The Literary Dogs of Silvia Park

By Ricky Kupferer

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The Literary Dogs of Silvia Park
Five little dogs belonging to Jim & Lori
I’ve lived in Topanga for 33 years but I’ve only recently (in the days of COVID-19) started to walk twice a day. This has enabled me to meet a lot of my neighbors and their dogs. Topanga is known for having interesting, artistic, musical, and literary residents, so it was no surprise to me that we also have several “literary dogs."
Cherry Pie
The first literary dog I met was Holden, Nora’s amiable, sweet-natured Labradoodle who has none of the discontent or cynicism of his literary namesake (Holden Caulfield from J.D. Salinger’s “Catcher in the Rye”). Holden has a large, beautiful white brush of a tail and loves everyone, especially little children.

The next literary dog I met, Atticus, was named for a lawyer, one of America’s favorite characters in “To Kill A Mockingbird” by Harper Lee, Atticus Finch. He’s an adorable (and crazy) Weimariner pup with huge feet, the spooky-pale eyes of his breed and a totally irrepressible nature. Every time I see him, I pet him which always engenders kisses and chaos.
Dodger lives right next door to me with his human companion, Tieg, who named him after the Artful Dodger (from Dickens’ “Oliver Twist”). He’s a straightforward kind of dog, aGerman shepherd mix, who loves to explore, ride in the truck and be with Tieg.

Another literary canine wishes to remain anonymous because of privacy issues. Who knew dogs have privacy issues? He’s friendly and distinctively marked and nothing like the character he was named for.
Nala (The Lion King), another Labradoodle, a feminine version of Holden, represents the Hollywood glitterati, who wears dainty little booties for her walks.

I thought  actress, poet, and author (“Dogs in Topanga” and many more), Jane Marla Robbin’s adorable fluff ball, Dancer, would surely have a literary name based on his elaborate bathroom moves but she said those moves made her think of ballet dancer Mikhail Baryshnikov.
Charlie & Dodger
Charley, a four-month-old terrier-lab mix with four white paws is an incorrigible whirling dervish of puppy mischief and energy. She and her humans, Haley and Matt, are new to Topanga. While she may not have been intentionally given a literary moniker, she could have been named for a beloved  best seller of 1962, John Steinbeck,’s “Travels with Charley.”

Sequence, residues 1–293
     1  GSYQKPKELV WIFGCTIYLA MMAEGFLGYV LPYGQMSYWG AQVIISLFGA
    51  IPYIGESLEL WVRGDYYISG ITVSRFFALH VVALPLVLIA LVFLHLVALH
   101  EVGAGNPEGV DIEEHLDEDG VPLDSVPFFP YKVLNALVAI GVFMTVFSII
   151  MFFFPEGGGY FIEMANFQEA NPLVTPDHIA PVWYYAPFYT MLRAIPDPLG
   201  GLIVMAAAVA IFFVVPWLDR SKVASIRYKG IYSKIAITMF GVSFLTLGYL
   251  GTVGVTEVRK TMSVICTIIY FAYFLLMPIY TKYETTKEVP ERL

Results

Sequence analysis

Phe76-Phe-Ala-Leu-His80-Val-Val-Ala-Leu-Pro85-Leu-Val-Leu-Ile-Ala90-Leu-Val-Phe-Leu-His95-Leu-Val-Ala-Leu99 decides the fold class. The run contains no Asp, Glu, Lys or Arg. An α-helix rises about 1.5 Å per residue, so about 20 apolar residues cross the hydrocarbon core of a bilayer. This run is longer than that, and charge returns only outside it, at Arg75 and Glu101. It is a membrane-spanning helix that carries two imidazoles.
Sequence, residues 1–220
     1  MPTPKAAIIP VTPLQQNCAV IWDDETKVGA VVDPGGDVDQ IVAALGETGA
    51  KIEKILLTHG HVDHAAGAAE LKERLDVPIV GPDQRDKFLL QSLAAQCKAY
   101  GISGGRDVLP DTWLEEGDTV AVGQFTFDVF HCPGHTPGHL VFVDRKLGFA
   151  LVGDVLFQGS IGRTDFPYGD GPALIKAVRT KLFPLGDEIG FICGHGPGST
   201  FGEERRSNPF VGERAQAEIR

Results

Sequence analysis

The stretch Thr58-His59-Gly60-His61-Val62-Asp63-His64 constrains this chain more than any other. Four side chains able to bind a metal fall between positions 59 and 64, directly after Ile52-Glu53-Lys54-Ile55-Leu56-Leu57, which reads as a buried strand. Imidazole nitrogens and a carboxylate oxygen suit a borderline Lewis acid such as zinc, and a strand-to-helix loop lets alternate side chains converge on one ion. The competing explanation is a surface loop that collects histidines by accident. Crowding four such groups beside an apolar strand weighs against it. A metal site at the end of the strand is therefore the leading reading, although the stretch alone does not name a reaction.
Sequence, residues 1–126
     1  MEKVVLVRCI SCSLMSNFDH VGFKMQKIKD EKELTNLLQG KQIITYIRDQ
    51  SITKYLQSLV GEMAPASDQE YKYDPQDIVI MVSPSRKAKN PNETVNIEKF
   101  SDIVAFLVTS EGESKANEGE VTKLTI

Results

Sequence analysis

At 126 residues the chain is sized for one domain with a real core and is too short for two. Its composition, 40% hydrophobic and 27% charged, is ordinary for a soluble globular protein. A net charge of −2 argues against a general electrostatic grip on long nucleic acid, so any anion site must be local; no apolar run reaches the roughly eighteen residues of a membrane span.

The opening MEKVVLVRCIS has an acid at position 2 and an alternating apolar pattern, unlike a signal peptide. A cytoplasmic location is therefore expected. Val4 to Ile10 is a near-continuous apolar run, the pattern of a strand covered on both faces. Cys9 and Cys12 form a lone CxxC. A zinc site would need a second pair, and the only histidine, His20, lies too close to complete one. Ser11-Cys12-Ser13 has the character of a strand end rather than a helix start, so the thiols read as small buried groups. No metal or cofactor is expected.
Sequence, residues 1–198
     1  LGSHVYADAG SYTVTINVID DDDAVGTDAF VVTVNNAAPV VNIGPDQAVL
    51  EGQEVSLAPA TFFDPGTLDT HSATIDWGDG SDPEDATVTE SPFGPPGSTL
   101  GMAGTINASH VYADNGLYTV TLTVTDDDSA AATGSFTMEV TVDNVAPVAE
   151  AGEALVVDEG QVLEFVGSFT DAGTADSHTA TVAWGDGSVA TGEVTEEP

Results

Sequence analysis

Like Charley, not all Topanga dogs are literary dogs. Two little cuties, Shylo and Spartan, live down the road from Charley. At first, I thought their names were historical ones, not literary, but they're human, Nancy, said they’re neither, just names that had come to her.

At the other end of the street, Oscar and Barbara live with their deceptively cute little dog, Snoopy. He looks very cute but watch out! He might bite if you touch him.
Milo & Emilio
Hilary, a historian from Louisiana, has two dogs, a sweet older one named Polkin, and Bingo, a little French bulldog/chihuahua mix shaped like a spark plug. Polkin was named for a character in Lord of the Rings, and Bango for a New Orleans Blues singer.
David and Natasha live nearby with Lady and Vishnu, their two big Labrador pups. They are friendly and always wet because they love to play in the fountain and mud. Lady was recently seen playing with some bobcat kittens.
Shilo & Spartan
Other memorable dogs are Bailey, Heidi’s graceful Doberman who prances like a ballerina (without booties); Tilly, a tiny 14-year-old poodle/pug mix with a fashionable, silky haircut I wish I could replicate; and Cherry Pie, an older lab mix who is as sweet as her name.

Recently, on my morning walk, I met two Australian Shepherds, Ernie, who has striking coloration on his face and a soulful expression, and his older, less sociable brother, Milo.

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